As there was no object to be gained by casting anchor at the several places which Pizarro had visited on his first expedition, they steered directly for the River of San Juan, the farthest point southward reached by Almagro.

Here Pizarro gave the order to put in. Landing his soldiers, he attacked a native hamlet which he espied on a neighboring hill, and succeeded in seizing not only a number of golden trinkets, but several stalwart young savages. These he regarded as valuable captives; for he foresaw that they would be useful to him as guides and interpreters. They submitted to be taken on board ship, and stared about them, when they had got there, with an air of complete stupefaction.

Pizarro saw every evidence about him that the country on the borders of which he had landed both abounded with treasure, and was thickly inhabited by, a warlike race. With his little force of one hundred and sixty men, however, though they were trained and brave soldiers, and were supplied with fire-arms, he could not venture to cope with the hordes of even undisciplined Indians of whom his scouts brought in such formidable stories.

He resolved, therefore, that Almagro should return in his ship to Panama for more soldiers, while he himself made his headquarters on the banks of the San Juan. At the same time he thought it prudent that his trusty pilot Ruiz should take the other ship, and reconnoiter the coast still farther southward.

Almagro and Ruiz accordingly put to sea again, soon parting, and going their different ways.

Left alone in the strange land, surrounded by barbarians whose movements were anything but friendly, with a supply of provisions which would not last very long, Pizarro could not, nevertheless, wait idly for the return of his comrades. He made the most of his time by leading excursions into the interior, ascertaining as well as he could the character of the country, and the numbers and degree of intelligence of the natives.

Many of these excursions proved dismal and dangerous. He was forced to penetrate through forests where it was almost as dark as night; he found himself often in dark ravines, and then in densely tangled marshes; and, as he ascended now and then a precipitous hill, he beheld the towering crests of the Cordilleras forming an impassable barrier before him. As the soldiers trudged with difficulty over the rough crags or among the brambles, they would be stung by huge snakes, and would fall dying in intense agony in the path of their companions; while sometimes they were ferociously assailed by savage bands, and only escaped with the loss of several of their number.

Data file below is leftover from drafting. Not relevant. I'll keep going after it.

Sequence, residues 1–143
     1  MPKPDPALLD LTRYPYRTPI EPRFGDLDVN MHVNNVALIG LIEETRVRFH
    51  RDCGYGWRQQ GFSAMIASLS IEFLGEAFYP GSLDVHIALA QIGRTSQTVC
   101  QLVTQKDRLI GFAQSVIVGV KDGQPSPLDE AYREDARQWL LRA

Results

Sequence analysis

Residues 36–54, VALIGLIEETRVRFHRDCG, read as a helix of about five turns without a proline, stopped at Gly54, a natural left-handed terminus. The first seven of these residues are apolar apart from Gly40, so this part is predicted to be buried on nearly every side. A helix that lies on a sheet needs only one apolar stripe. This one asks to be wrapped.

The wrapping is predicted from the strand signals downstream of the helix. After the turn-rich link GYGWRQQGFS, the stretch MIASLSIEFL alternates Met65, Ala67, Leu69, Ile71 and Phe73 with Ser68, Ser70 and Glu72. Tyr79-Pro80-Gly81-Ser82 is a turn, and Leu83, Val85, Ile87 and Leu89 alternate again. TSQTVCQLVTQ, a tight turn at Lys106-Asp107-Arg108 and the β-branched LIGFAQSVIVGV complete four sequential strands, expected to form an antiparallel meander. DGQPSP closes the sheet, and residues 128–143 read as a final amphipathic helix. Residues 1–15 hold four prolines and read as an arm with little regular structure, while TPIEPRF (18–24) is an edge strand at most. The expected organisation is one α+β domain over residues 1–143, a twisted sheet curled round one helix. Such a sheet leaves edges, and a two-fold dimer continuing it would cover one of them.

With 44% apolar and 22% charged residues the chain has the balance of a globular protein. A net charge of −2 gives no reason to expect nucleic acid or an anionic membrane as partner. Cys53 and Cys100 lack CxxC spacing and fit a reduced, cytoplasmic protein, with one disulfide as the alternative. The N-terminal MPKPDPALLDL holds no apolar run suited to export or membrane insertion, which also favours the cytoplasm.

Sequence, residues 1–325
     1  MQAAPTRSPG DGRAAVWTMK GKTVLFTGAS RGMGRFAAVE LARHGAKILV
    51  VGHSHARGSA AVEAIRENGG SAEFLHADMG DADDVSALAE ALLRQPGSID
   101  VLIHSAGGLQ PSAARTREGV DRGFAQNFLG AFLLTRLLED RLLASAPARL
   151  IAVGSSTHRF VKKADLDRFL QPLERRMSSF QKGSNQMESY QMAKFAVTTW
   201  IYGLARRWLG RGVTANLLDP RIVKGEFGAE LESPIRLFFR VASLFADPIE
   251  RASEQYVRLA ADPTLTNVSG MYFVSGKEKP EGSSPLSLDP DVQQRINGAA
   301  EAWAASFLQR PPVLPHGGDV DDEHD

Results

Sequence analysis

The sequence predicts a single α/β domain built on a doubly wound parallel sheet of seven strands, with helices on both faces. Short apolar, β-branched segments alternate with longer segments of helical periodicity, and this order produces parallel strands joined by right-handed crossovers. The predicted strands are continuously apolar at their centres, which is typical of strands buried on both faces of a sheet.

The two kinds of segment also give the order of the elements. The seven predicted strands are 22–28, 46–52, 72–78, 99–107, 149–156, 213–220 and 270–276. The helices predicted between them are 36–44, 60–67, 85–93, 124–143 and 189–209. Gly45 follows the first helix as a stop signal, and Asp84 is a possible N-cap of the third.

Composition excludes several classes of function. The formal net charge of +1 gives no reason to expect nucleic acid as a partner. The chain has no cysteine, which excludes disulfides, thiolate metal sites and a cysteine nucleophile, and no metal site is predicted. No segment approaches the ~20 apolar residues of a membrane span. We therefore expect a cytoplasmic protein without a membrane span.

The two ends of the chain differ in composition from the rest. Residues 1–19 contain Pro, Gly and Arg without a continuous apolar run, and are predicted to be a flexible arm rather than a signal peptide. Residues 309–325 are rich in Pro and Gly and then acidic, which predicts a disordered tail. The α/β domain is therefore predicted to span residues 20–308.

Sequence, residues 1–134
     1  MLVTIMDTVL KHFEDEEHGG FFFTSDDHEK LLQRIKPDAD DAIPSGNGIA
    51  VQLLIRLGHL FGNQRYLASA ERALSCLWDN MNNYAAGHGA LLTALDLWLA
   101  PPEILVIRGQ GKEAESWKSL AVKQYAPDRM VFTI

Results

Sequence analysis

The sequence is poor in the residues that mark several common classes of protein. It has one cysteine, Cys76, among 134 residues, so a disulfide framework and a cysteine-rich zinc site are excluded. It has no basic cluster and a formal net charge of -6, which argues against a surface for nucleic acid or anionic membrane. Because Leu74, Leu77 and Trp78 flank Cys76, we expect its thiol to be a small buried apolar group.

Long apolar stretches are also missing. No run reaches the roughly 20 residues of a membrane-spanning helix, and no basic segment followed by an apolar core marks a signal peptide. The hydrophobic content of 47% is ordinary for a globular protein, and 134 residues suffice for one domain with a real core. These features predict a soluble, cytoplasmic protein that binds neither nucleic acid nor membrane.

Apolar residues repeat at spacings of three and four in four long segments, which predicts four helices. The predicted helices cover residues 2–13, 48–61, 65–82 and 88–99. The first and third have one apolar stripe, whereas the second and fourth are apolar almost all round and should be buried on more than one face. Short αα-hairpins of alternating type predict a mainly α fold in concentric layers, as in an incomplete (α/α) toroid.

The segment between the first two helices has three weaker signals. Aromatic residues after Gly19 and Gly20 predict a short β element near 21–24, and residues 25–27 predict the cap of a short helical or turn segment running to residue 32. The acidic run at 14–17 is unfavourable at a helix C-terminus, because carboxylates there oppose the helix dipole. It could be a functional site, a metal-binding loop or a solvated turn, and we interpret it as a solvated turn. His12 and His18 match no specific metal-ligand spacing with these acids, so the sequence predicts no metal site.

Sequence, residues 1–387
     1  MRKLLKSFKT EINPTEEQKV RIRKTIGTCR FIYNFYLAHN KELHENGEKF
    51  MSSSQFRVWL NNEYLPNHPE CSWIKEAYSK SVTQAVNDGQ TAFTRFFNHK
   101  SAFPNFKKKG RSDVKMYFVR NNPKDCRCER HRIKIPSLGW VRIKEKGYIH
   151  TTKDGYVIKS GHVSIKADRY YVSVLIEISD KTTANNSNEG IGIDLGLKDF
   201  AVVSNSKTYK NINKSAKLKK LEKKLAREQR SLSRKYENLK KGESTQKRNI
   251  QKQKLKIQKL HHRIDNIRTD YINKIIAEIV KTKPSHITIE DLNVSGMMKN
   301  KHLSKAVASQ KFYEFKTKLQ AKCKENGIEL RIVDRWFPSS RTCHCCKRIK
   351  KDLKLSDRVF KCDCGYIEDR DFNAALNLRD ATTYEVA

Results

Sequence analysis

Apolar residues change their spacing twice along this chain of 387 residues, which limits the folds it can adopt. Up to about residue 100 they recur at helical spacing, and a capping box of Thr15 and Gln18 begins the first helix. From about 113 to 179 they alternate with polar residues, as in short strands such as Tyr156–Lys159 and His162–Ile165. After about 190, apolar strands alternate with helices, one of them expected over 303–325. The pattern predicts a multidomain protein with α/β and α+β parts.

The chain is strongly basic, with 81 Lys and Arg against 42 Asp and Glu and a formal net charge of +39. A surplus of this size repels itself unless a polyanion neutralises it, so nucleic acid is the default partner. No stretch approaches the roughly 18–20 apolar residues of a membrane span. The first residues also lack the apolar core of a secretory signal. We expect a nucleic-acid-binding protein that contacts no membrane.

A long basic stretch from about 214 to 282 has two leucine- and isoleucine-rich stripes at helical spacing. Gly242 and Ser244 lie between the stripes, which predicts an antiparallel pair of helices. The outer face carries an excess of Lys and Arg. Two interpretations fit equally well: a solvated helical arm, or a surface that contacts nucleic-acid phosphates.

Then their provisions gave out, and they were obliged to live on wild cocoanuts and bitter mangroves; and, to add to their tortures, they were attacked by dense swarms of large mosquitoes, which covered them with excruciating bites, and compelled them, for want of a better protection, to bury themselves up to their chins in the sand.

No wonder that the courage even of the bravest sank, and that they loudly bewailed their miserable plight and their folly at leaving home to meet with such unparalleled suffering. But once more Pizarro betrayed the heroism of his nature. By his unfaltering spirits and patience, and his tact in dealing with his men, he soothed their anger, and banished their despair, until the welcome sails of Ruiz's ship appeared in sight, and brought succor and new reason to hope for brilliant triumphs.

Ruiz made their hearts thrill with the story of his adventures southward of the San Juan. He had found countries better cultivated than any they had hitherto seen, and natives much more civilized than those by whom they were surrounded. He had seen Indian vessels, rude, to be sure, when compared with Spanish caravels, but so well built as to show that the inhabitants had some knowledge of the art of navigation. The people, too, whom he found in the boats, wore woolen cloths of delicate texture, worked in many colors; and they had balances with which to weigh gold, silver, and gems. He had contrived to approach and talk with these natives, and they had given him tempting pictures of the lands that lay between the ocean and the mountains, of the sides of the hills covered with sheep, of the towns adorned by stately temples and palaces, and of the broad roads that extended for many leagues across the country.